Why Didn't GE Pay Any Taxes Despite Making $5 Billion in Profit?

This is a RUSH transcript from "The O'Reilly Factor," March 25, 2011. This copy may not be in its final form and may be updated.

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BILL O'REILLY, HOST: In the "Lou's the Boss" segment tonight: This is unbelievable. Ready? Last year, General Electric made $14 billion in profit worldwide, including $5 billion in profit in the USA. Yet General Electric paid zero -- nothing -- in taxes to the feds. As you may know, GE boss Jeffrey Immelt is a big supporter of President Obama and vice versa.


PRESIDENT OBAMA: We want an economy that is fueled by what we invent and what we build. Now, nobody understands this better than Jeff Immelt. He understands what it takes for America to compete in the global economy. As he mentioned, I've appreciated his wisdom during these past two years.


O'REILLY: So the question: How could GE pay absolutely nothing to the government? And how can I get that deal?

Joining us from the New York studio, Fox Business anchor Lou Dobbs. Now Dobbs, you got, I mean, just explain it so I can understand it. I'm doing my taxes as we speak.


O'REILLY: I'm trying to get everything together. And it's a big hit. It's a big hit.

DOBBS: Well…

O'REILLY: All right. I'm going to pay millions of dollars to the federal government this year. Millions, OK? And GE pays nothing. Tell me, tell me.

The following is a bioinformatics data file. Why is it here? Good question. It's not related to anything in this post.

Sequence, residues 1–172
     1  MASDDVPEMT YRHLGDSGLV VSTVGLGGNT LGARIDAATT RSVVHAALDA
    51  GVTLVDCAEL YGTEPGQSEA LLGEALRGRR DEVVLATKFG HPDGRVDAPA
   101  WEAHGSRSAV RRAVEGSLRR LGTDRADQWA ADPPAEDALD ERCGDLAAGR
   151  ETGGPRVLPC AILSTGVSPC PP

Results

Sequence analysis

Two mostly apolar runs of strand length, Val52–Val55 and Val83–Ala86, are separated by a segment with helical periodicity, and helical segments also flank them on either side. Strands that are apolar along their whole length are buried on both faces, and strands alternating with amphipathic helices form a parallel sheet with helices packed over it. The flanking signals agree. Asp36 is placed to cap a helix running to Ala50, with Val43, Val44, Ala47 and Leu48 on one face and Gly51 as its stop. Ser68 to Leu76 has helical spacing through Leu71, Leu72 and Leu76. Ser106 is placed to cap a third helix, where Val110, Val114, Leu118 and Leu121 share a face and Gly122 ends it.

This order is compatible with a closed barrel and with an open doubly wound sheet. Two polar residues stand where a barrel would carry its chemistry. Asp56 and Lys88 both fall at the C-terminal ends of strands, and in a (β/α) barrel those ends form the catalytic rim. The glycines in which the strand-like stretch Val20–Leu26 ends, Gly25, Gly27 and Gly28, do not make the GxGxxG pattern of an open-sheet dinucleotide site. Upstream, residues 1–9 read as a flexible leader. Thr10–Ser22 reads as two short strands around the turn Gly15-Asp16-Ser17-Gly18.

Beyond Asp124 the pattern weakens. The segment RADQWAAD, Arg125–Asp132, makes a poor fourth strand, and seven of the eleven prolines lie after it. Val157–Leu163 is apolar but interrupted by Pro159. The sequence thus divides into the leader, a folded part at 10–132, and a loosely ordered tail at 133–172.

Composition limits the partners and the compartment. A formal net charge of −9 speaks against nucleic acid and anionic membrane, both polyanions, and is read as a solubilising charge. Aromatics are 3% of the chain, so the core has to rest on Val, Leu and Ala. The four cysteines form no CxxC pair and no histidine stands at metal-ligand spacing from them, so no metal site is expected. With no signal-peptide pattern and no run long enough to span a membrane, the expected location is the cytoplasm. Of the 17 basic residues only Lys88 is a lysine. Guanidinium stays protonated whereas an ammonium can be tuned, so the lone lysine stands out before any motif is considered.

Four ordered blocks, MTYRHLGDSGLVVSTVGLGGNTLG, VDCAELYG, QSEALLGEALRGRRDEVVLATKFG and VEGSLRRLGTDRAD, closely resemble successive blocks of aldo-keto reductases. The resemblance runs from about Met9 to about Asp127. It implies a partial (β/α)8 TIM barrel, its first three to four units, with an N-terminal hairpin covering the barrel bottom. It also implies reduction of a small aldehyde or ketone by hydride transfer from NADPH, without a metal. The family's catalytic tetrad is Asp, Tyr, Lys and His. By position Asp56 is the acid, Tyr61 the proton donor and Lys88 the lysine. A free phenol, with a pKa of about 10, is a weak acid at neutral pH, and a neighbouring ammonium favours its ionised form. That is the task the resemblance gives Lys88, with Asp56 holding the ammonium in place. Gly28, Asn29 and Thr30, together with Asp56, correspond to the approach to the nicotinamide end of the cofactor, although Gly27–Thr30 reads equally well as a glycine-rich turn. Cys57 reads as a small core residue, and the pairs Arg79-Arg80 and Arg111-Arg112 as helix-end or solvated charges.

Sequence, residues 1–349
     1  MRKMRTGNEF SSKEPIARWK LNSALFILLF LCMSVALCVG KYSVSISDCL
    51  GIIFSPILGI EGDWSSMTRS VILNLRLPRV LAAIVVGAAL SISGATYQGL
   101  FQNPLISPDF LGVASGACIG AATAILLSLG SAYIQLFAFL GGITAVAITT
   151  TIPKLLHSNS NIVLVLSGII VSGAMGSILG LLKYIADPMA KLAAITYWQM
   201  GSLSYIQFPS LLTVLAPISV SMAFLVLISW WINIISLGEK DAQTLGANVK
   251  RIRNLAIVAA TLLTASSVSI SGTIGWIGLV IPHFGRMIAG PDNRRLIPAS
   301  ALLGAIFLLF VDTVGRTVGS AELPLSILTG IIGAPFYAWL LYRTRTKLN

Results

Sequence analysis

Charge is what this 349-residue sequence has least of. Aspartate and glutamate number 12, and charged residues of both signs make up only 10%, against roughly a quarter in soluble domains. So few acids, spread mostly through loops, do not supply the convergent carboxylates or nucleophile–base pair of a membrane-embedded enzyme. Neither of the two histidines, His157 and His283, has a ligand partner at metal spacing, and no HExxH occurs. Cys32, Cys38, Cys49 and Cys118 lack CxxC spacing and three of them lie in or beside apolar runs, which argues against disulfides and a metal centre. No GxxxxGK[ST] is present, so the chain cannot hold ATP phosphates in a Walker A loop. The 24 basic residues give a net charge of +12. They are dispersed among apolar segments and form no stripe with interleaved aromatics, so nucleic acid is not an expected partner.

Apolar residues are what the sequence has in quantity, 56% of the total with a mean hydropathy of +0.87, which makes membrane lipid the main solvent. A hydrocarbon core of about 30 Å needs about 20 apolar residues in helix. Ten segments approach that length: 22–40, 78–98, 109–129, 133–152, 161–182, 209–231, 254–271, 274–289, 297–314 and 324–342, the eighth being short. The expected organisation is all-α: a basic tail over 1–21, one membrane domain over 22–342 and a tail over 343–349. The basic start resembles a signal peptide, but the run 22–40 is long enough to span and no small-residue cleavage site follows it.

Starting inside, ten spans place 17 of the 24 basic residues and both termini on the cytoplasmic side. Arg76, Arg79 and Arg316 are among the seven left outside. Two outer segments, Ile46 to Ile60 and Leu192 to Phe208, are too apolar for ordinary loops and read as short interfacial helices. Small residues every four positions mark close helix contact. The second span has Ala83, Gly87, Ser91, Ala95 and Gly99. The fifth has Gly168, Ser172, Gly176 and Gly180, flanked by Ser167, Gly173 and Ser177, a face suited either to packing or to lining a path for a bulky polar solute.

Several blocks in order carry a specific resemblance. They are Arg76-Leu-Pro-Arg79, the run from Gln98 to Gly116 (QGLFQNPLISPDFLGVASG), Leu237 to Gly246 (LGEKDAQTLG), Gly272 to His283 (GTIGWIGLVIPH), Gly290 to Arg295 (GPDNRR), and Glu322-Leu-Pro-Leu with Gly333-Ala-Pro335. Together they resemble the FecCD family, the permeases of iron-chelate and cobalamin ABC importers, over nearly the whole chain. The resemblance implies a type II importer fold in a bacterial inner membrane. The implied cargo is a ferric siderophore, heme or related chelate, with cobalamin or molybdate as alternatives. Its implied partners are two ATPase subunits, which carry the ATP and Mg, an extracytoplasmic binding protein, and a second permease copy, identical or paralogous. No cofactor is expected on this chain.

DOBBS: You've got to spend more, not only on finding tax loopholes, Bill. You've got to do what GE does; you've got to spend a small fortune creating those loopholes. It's what I call non-taxation through extraordinary aggressive representation that has to be bought.

And by the way, corporate America, Bill, buys, with $4 billion a year, representation that you and me and our fellow citizens can't buy in Washington. And the result is a tax system that permits GE to book its profits and leave them offshore and not, what's called repatriate, bring them back to the United States no matter where the profits are made. And that's what's happening here. They bought the loophole. They are using the loophole, and they're going to continue to do just that.

O'REILLY: All right. So they make $5 billion. They make $5 billion with "b."

DOBBS: Right.

O'REILLY: $5 billion here in the United States, profit.

DOBBS: Right.